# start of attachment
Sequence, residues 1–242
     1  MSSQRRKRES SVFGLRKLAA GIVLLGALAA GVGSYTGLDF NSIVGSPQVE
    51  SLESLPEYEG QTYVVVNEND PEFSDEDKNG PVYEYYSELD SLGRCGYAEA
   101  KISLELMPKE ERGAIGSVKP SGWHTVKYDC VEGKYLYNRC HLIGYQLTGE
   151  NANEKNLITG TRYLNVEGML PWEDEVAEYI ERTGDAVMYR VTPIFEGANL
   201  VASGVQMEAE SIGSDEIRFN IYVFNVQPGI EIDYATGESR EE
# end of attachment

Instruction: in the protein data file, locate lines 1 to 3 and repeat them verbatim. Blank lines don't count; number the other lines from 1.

Sequence, residues 1–242
     1  MSSQRRKRES SVFGLRKLAA GIVLLGALAA GVGSYTGLDF NSIVGSPQVE
    51  SLESLPEYEG QTYVVVNEND PEFSDEDKNG PVYEYYSELD SLGRCGYAEA